Films for Class: The Killing of a Chinese Bookie

the-killing-of-a-chinese-bookieSo as to avoid the tension: this post is enormously indebted to Ray Carney and based on the original 1976 cut of the film. 

John Cassavetes’ The Killing of a Chinese Bookie is, as with seemingly every film of its decade, ripe for analysis as an exploration of the cultural miscommunications of the 1970s, but only after a fashion. Unlike nearly every other film mired in then-contemporary issues, it is not blindsided by the minutiae of references or tangible representations of reality. Cassavetes’ work, like all his masterly films, is instead submerged in the milieu of the time period at an emotional and cognitive level. It excavates the unsettled consciousness of the period in a man dissociated from himself, a man who retreats into a mental or imaginative space where he is a lothario, a noirish type who erects a vision of himself through appearance, routine, and a surfeit of arbitrary significances draped over empty signifiers. Cosmo (Ben Gazzara), the strip-joint don suddenly thrust into a murder plot, shelters himself in the realm of ideas and romantic visions of selfhood. Unlike most films that deal in any time period, the plot, and indeed any gangster trappings in the film, are purely prisms to refract an understanding of imaginative experience through. Cosmo, and the film, is a battleground of the lived and imaginative selves, the self as it exists in reality and the self as it exists in the mind.

The main character of Cassavetes’ film The Killing of a Chinese Bookie is, at least outwardly, an un-disruptable cipher defined by strict adherence to an identity he tries to control. Gazzara’s masterclass in disturbed sangfroid emanates stilled, controlled, and un-melodramatic tension; his character, Cosmo, maintains a cool in spite of the threat to himself. But his attitude or inability to be fazed, rather than being endorsed, is a crevice to investigate for Cassevetes, as though Cosmo has a masculine personal script for himself – an artistic performance he plays in life for other people, a Romantic vision of his self – that is being disrupted even as he tries to maintain his routine composure. At one point, when meeting his loan shark, he rebuffs the man for adhering to no stylistic principles, but Cosmo’s own style is something of a tomb.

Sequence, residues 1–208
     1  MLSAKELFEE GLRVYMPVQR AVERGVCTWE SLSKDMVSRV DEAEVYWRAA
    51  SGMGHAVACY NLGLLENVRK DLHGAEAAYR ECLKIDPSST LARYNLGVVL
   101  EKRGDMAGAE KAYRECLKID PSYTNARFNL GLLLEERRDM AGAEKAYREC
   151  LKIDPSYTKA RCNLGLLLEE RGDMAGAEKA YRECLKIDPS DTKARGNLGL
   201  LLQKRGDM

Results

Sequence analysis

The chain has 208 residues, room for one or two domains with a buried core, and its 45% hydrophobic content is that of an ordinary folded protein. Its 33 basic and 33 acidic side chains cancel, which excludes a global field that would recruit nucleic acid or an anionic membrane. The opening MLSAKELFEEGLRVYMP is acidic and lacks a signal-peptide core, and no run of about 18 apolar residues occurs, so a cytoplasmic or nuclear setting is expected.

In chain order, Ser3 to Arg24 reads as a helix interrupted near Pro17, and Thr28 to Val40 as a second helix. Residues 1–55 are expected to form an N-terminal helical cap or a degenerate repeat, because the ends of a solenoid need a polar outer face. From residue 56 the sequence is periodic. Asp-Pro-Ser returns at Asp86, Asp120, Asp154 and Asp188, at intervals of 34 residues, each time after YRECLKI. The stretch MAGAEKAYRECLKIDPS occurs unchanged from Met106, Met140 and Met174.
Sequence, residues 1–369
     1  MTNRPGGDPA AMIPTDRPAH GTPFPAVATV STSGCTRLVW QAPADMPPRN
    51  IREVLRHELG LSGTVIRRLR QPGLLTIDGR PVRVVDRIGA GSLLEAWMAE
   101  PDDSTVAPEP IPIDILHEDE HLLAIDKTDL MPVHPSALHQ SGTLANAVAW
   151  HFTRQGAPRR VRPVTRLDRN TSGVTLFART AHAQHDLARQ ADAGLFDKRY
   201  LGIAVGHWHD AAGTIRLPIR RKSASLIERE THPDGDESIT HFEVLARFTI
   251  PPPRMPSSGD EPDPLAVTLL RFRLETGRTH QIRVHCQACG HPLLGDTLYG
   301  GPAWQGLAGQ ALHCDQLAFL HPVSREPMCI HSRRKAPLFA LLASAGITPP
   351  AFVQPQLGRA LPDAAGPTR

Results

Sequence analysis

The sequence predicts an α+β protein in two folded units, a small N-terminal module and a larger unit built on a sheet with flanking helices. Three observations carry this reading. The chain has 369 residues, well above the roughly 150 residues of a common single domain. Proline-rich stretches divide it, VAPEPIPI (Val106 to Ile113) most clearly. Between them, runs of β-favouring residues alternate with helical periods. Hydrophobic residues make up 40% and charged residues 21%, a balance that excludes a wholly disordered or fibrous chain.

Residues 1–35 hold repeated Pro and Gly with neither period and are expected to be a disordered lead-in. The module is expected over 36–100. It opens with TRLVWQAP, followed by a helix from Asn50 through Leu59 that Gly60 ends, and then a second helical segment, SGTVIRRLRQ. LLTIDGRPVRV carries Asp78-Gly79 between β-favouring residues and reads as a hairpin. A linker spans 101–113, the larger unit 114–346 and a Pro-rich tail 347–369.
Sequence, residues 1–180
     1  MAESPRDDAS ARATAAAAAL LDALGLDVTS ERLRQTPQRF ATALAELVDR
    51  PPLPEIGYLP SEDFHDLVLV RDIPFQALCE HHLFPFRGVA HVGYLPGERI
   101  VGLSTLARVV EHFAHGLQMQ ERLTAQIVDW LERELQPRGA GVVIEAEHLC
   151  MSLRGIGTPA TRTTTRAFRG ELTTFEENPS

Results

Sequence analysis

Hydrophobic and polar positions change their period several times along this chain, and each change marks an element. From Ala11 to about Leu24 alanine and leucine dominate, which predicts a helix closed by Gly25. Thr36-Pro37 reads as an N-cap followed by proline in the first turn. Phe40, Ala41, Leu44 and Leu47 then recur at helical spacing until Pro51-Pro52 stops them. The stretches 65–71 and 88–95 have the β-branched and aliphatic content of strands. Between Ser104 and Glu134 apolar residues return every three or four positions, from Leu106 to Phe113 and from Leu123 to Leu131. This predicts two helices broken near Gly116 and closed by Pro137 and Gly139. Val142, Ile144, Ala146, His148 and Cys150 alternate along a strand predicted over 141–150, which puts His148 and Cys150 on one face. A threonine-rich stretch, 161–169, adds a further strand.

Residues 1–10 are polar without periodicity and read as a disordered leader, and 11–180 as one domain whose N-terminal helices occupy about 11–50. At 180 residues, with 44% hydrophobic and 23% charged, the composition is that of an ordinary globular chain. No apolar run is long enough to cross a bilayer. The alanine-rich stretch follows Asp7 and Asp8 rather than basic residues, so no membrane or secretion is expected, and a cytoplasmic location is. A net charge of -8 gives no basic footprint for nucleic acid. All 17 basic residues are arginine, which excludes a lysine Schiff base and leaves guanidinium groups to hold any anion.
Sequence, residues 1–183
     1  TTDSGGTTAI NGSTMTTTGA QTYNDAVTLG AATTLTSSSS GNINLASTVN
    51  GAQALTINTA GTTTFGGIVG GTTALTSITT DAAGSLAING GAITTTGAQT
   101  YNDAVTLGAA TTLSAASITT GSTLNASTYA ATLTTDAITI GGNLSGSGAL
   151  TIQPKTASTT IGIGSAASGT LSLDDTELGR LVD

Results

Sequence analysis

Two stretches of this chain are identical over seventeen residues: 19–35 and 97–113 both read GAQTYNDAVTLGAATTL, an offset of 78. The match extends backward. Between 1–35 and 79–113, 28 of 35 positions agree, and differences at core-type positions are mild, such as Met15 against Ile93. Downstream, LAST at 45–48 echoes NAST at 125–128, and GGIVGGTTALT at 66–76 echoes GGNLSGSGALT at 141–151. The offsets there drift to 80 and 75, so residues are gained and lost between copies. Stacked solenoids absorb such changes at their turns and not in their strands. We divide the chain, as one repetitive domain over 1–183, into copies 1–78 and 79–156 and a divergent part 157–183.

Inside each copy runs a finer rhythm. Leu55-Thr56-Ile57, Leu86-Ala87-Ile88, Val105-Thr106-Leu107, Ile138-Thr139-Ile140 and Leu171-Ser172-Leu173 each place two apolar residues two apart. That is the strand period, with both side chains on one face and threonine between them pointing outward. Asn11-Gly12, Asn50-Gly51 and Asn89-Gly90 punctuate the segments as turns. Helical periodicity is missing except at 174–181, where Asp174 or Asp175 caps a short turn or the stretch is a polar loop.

Tasked with murdering a bookie to repay a gambling debt, Cosmo seems to barely register a fluster. But his collected visage belies how the only expression available in his repertoire is his paternalistic cool-customer routine, probably a facsimile ingested from Hollywood films throughout the century. He’s a con man whose only effective trick is getting himself to believe his put-on costume identity. This is a costume that most films either adopt themselves or otherwise redress (see Tarantino) in exclusively hypocritical feints while they draw from the very well of overt style they otherwise position themselves against. Rather than gallantly striding through space in a search for visual serenity a la Tarantino, Cassavetes’ style harshly rebukes Cosmo, exposing his frail and fraudulent countenance by projecting a vision of experience antithetical to Cosmo’s demeanor. While Cosmo has an insatiable lust for perfection, the film does not alloy itself to carefully sculpted, pristine visual gestures or an aural soundscape that parts from the disturbances of reality to realize only the bare essentials of a narrative. The look of Cassavetes’ film, hoarse and unstable with the camera ricocheting around space and introducing conditions and qualifications to its every gesture, suggests that the clean film – the perfect composition – Cosmo and most American films pine for is simply an intellectual misfire that achieves stability through significant aporia.

At the risk of miring myself in abstraction, let us examine. Upon retrieving a number of his strippers early on in the film (to bring them to the ill-fated gambling game) Cosmo asks them each to put on a flower, a kind of abutment to his crystalline vision of beauty and surface cool he projects.  He begins to help them, only to ask his driver to complete the task because he himself cannot actually wield the flower. He adopts a visage of control, a concern for pristine appearance, when he actually relies on other people and can be disrupted by other people.